FIG. 3 shows a side cutaway view of the base of the present invention shown in FIG. 2 hereof, illustrating its use in expanding a film. As an illustration of the use of the subject invention, backing film 40 is fastened using tape 42 (illustrated as 42a,b; the front and rear portions of tape 42 not being shown) to the side of base 10. Films 44 and 46 are fastened to the surface of film 40 using tape 48a,b and 50a,b, respectively (again, the front and rear portions of the tape are not illustrated in the Figure), in the vicinity of the periphery of films 46 and 48. A vacuum is applied to groove 14, which stretches backing film 40 a desired amount, thereby stretching films 42 and 44. Pressure is then applied through hole 38 to further stretch backing film 40 and films 44 and 46. Clearly, if further stretching is not required, films 44 and 46 may be stretched using the basic apparatus illustrated in FIG. 1 hereof; that is, by applying a vacuum to groove 14, which stretches backing film 40 a desired amount.
FIG. 4 shows a side cutaway view of the film stretching apparatus shown in FIG. 1 hereof, wherein the flat surface of the base is relieved 52 to accommodate a substrate 54 upon which stretched film 40 may be mounted. In the use of this embodiment, no backing film is employed; rather, film 40 is the film which is desired to be stretched.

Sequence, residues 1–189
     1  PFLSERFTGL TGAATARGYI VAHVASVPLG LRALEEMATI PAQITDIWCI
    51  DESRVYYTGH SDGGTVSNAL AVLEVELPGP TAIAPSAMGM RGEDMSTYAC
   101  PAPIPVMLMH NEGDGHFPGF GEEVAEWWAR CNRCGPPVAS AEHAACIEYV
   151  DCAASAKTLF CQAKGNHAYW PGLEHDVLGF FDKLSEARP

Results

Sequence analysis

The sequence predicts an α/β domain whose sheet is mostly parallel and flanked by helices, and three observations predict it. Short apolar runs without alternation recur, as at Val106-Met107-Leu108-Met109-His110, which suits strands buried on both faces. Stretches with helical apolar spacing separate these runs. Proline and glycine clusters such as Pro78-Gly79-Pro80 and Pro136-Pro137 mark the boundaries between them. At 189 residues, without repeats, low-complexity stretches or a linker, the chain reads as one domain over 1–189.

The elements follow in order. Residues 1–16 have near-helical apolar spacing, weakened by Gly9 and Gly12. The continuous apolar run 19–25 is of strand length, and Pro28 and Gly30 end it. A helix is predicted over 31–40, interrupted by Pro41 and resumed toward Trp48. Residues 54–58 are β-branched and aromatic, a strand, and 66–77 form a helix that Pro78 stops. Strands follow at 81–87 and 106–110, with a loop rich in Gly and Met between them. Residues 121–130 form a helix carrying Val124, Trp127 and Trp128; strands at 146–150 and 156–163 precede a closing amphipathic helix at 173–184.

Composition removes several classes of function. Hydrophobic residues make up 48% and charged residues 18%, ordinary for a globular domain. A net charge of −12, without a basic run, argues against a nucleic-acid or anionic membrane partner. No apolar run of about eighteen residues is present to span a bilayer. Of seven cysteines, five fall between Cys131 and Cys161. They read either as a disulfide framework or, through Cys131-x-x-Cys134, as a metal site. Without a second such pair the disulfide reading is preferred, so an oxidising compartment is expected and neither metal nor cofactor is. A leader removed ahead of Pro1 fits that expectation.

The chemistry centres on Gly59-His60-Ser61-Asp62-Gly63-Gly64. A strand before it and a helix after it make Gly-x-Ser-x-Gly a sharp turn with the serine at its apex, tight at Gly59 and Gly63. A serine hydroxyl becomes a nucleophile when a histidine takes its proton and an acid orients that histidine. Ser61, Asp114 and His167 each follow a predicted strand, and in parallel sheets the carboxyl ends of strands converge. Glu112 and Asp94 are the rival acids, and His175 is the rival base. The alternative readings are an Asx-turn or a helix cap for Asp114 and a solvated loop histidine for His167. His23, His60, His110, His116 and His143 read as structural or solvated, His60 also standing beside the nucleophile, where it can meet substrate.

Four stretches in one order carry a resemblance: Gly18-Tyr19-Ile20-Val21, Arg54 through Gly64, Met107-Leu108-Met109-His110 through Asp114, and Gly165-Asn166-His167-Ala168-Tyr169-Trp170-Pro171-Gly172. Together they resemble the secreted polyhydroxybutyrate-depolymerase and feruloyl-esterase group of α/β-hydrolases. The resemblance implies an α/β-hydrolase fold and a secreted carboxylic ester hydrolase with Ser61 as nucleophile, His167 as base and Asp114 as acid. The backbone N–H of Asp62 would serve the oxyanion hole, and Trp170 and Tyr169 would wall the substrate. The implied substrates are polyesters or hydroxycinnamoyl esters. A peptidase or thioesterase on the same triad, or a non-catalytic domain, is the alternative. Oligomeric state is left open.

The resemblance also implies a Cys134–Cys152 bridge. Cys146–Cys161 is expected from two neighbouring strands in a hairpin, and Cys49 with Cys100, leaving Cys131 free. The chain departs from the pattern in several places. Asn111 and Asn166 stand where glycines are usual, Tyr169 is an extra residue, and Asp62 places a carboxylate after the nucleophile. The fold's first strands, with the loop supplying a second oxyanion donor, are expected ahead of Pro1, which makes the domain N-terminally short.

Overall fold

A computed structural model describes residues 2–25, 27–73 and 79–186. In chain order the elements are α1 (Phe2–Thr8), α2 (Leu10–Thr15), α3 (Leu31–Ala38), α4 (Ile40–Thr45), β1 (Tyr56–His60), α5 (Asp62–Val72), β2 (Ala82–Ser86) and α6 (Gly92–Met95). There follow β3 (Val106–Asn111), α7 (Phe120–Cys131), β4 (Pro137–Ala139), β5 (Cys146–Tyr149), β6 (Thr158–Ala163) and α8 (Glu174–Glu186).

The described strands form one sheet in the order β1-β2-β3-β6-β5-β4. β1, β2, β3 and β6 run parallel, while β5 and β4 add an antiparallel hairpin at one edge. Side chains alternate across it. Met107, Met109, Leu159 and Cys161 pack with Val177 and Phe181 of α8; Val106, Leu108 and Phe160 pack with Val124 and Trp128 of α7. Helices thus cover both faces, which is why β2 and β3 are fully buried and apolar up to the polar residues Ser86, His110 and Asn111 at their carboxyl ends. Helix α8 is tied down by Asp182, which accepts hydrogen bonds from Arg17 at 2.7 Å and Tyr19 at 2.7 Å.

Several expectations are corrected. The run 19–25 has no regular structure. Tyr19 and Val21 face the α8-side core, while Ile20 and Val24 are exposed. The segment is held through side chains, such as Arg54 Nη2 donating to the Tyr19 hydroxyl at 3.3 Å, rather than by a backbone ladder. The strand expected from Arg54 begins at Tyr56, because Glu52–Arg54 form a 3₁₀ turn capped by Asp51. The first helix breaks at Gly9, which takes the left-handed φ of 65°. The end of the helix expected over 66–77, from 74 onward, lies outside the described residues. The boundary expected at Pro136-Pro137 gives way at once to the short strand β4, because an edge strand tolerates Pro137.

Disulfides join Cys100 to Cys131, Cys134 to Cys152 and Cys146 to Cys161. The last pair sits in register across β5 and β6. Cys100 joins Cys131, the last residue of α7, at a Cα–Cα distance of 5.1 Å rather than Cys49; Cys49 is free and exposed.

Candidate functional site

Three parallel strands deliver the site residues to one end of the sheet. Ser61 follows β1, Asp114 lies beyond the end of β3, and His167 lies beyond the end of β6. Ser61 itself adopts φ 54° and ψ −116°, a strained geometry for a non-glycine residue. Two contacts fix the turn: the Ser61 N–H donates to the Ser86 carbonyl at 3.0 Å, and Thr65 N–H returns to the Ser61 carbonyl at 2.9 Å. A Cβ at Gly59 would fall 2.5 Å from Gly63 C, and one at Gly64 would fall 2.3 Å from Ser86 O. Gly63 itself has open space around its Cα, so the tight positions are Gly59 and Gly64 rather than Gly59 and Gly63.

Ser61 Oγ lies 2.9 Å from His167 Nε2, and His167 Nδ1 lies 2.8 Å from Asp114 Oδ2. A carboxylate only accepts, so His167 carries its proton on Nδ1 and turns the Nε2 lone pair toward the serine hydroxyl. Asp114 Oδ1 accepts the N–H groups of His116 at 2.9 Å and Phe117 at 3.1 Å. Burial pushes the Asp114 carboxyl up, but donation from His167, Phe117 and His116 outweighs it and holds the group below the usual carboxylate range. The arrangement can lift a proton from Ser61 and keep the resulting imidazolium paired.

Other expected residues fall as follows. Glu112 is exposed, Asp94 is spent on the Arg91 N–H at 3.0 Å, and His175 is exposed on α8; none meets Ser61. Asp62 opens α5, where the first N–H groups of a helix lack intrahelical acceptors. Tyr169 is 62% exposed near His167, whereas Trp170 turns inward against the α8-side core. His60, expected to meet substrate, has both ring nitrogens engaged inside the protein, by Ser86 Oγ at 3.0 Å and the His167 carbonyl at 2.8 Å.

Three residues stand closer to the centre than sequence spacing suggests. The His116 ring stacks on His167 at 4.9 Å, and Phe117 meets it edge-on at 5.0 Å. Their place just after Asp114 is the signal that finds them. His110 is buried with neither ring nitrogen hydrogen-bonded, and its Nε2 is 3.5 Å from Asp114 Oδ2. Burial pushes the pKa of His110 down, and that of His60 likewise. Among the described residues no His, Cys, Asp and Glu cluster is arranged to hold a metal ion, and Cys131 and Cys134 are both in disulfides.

FIG. 5 shows two ways in which the apparatus of the present invention may be utilized to stretch films, which may then be mounted on a substrate. Fragile film 44 is taped to backing film 40 and stretched as backing film 40 is stretched using the apparatus of the present invention. Substrate 56 is then attached to film 44 by means of adhesive 58 located on the surface thereof facing film 44, and film 44 is removed from backing film 40 by cutting film 44 inside tape 48 or by removing tape 48. It should be mentioned that film 44 may be attached to backing film 40 by use of an adhesive in place of tape 48. It is also contemplated that it might be desirable to mount a portion of film 40 onto a substrate from above. Shown in FIG. 5 is substrate 57 having adhesive 59 located on the surface thereof facing film 40 which may be used for this purpose. Film 40 would be cut along the edges of substrate 57 after adhesive 59 sets up, in order to release the mounted film.